Big Data is certainly a big hype nowadays and there are a tremendous number of frameworks available that enable companies to develop Big Data applications. The development of data-intensive applications, like development of any other software application, involves testing, validation and fine-tuning processes to ensure the performance and reliability the end-users expect. Throughout these processes the execution of the application needs to be constantly monitored in order to extract execution trends and spot the anomalies. And this is only the beginning. Once in production, monitoring of the application, together with its underlying infrastructure, is a must. But Big Data applications generate Big Monitoring Data, and not only this: the data is generated in different formats, is available either in log files, or via APIs.
There are monitoring systems on the market to help you with that. Plenty of them, some open source, some commerical, others using a freemium model. But they rather tend to be focused on specific areas. Nagios, Ganglia could be used to easily monitor your infrastructure. Others, such as Apache Chukwa or Sematext, could be used to monitor Apache Hadoop, Apache Storm, or Apache Spark. However, all these tools need to be deployed in your infrastructure, and you will certainly need to scale them to cope with scaling of your infrastructure. Or else, let external services transfer data out of your infrastructure, in case of SaaS platforms. Hmmm… Big Data seems to mean Big Problems.
DICE monitoring platform (shortly, DMon) tries to make your life easier when it comes to collecting, searching, analyzing and visualizing, in real time, your data-intensive application. Firstly, due to the leveraging on the Elastic‘s open source stack – Elasticsearch for indexing and searching the data, Logstash for pre-processing incoming data and Kibana for real time visualization – DMon platform is fully distributed, highly available and horizontally scalable. All these core components of the platform have been wrapped in microservices accessible using HTTP RESTful APIs for an easy control.
Secondly, DMon is able to monitor your infrastructure, thanks to collectd plugins. Additionally, it collects data from multiple Big Data frameworks, such as Apache HDFS, YARN, Spark, or Storm (for now). With DMon you have one platform for monitoring both your infrastructure and your Big Data frameworks.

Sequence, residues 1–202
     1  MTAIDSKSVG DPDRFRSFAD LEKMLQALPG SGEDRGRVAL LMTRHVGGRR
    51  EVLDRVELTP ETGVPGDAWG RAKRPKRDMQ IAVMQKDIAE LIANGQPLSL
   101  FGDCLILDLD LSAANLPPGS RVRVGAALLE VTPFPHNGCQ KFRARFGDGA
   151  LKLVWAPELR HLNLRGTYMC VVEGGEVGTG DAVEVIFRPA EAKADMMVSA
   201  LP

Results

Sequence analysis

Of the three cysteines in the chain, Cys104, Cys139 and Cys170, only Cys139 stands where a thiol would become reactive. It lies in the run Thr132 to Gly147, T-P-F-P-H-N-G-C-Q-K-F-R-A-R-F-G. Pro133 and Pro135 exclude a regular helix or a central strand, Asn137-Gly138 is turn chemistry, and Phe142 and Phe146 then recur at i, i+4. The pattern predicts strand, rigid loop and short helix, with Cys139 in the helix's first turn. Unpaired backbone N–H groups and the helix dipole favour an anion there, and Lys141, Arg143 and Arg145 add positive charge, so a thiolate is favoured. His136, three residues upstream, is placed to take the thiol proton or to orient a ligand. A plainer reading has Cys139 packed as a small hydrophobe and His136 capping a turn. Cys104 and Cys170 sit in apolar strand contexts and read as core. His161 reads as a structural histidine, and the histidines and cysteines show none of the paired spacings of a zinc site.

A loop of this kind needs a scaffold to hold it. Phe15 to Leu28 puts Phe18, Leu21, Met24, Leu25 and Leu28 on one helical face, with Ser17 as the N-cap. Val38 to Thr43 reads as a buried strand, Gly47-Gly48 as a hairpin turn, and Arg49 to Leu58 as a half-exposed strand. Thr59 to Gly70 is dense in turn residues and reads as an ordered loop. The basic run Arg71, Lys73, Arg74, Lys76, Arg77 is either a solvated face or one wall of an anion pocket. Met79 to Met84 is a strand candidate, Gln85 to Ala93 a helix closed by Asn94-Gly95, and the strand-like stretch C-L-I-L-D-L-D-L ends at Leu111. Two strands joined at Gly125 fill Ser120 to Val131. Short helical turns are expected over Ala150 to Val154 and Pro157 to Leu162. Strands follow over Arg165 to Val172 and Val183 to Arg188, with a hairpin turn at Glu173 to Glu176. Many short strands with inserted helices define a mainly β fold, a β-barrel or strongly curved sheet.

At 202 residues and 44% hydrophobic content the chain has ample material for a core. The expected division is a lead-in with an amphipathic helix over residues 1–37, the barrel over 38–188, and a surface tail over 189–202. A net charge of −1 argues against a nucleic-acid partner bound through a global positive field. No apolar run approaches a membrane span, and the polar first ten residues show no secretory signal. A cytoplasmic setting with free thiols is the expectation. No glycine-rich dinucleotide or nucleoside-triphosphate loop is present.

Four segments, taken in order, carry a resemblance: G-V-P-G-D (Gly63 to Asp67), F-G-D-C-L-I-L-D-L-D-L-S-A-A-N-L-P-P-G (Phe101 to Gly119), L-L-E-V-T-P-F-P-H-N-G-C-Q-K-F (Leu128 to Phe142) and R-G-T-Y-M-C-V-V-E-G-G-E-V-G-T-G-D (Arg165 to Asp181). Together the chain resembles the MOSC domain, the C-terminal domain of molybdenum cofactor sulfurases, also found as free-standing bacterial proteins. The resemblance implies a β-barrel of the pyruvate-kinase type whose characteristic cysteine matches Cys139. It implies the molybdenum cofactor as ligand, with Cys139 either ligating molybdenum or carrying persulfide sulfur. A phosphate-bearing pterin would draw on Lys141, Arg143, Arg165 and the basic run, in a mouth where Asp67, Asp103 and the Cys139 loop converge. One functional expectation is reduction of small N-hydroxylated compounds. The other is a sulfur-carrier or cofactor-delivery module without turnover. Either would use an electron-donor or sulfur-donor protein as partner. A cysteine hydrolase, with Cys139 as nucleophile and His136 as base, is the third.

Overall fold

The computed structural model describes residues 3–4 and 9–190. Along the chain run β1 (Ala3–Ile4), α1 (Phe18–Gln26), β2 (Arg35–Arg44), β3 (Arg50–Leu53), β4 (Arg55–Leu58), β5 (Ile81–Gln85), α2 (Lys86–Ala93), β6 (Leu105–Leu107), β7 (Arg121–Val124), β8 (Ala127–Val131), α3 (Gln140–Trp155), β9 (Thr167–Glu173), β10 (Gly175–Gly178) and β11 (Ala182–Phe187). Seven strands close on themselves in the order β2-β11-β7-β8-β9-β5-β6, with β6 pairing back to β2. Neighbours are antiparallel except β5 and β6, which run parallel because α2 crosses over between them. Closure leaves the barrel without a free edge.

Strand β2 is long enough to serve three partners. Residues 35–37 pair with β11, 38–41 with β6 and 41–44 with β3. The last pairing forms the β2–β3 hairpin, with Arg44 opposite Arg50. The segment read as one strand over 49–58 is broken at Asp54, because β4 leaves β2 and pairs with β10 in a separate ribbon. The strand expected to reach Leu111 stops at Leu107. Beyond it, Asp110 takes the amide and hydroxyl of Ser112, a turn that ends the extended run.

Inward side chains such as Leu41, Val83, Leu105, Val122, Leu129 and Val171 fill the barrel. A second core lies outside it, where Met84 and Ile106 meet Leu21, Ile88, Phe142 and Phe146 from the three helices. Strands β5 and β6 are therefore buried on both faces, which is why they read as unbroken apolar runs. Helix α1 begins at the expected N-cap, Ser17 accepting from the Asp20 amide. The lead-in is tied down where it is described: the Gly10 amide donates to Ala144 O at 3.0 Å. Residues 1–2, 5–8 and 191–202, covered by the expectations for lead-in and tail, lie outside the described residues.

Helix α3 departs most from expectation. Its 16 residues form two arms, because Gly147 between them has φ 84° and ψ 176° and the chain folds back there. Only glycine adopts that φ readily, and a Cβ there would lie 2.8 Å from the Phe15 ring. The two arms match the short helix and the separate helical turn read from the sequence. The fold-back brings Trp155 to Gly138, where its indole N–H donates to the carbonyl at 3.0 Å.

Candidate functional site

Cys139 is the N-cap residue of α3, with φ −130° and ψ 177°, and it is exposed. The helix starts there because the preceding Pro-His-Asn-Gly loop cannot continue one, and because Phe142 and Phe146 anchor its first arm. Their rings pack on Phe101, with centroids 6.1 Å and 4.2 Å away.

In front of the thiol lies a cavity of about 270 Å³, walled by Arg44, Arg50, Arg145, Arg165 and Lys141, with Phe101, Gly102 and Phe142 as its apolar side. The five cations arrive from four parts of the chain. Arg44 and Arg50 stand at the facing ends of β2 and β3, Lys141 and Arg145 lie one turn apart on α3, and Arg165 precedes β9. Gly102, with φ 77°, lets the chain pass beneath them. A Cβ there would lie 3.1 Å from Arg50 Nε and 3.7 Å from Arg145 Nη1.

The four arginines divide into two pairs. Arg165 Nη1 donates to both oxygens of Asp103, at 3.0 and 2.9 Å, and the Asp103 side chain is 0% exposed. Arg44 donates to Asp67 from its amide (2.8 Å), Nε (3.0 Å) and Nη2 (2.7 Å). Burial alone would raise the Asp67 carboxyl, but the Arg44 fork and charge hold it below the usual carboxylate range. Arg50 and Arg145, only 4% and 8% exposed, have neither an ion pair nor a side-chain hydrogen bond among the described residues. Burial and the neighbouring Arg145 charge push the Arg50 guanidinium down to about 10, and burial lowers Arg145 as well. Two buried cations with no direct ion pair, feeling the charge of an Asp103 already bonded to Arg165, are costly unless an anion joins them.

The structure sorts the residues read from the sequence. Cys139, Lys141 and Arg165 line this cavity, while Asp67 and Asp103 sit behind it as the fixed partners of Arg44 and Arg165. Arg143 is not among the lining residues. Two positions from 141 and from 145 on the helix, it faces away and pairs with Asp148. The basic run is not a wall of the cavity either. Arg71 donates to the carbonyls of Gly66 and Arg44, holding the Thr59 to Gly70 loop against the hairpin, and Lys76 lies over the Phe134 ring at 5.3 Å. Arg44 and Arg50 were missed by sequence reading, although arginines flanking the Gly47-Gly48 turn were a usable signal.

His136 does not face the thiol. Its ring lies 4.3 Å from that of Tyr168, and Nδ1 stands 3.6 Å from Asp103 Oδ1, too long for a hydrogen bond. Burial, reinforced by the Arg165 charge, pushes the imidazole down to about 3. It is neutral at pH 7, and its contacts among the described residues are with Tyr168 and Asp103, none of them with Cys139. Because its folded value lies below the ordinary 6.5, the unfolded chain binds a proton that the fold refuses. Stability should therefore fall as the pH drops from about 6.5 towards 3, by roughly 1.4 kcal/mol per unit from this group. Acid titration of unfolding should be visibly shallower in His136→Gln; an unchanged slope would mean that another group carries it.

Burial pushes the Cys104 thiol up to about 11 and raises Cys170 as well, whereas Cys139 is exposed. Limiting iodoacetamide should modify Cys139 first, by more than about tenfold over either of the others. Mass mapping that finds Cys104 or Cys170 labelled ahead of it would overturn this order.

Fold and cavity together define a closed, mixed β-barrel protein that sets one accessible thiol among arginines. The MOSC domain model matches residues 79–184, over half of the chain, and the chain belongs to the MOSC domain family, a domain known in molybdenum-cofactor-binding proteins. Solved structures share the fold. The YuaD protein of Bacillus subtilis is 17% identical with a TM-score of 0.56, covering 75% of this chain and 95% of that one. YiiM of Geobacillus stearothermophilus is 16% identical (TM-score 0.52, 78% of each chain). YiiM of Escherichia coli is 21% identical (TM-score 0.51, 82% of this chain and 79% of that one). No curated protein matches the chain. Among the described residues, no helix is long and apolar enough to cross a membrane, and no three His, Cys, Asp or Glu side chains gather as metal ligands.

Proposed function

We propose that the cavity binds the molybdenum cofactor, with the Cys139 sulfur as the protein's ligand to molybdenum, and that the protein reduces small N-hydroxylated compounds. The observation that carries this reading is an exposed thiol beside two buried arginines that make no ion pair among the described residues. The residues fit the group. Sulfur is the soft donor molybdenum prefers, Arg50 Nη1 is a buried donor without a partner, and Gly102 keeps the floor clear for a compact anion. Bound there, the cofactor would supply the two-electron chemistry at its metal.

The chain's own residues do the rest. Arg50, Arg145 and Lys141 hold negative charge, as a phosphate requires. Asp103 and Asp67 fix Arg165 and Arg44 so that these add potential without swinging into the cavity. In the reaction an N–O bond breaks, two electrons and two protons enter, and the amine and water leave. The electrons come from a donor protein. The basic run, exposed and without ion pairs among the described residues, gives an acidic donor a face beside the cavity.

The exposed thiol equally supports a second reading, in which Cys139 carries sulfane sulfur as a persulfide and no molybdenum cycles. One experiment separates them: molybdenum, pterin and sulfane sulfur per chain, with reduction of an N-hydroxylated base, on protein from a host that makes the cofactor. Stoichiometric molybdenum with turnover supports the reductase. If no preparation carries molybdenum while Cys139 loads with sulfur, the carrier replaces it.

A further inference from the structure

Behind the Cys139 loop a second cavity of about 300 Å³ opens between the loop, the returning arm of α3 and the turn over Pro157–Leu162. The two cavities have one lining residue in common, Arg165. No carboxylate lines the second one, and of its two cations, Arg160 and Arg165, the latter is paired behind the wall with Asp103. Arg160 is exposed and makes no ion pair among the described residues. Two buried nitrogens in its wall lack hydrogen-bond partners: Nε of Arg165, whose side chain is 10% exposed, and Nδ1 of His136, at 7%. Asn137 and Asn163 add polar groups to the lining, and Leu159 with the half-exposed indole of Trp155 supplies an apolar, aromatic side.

Next, it streamlines the control and configuration of its core components. With DMon controller service, you have a unique HTTP RESTful API you can use both to control the core components of the platform (change configuration parameters, start/stop) and administer the monitored cluster, making it possible to add, update, remove monitored nodes or start/stop services on them via GET/POST/PUT/DELETE calls. We will also provide a Web user interface wrapping DMon controller API to have all administration jobs at your fingertips by clicking of a button.
Visualization of collected data is fully customizable and can be structured in multiple dashboards based on your needs, or tailored to specific roles in your organization, such as administrator, quality assurance engineer or software architect.
The deployment of the platform is integrated with Chef configuration maganagement system and we also provide a Vagrant script for a single node installation, which you will find useful for your development environment. If you are using the full DICE toolchain, it is going to be even simpler for you because the DICE deployment tool will take care of the platform deployment and deploying the agents on monitored nodes.
You can either use DMon as a stand-alone platform to monitor your infrastructure, or as a raw-data provider for high-level simulation and optimisation tools available in DICE toolchain. For more details about DMon please visit its Github page
Daniel Pop (IEAT)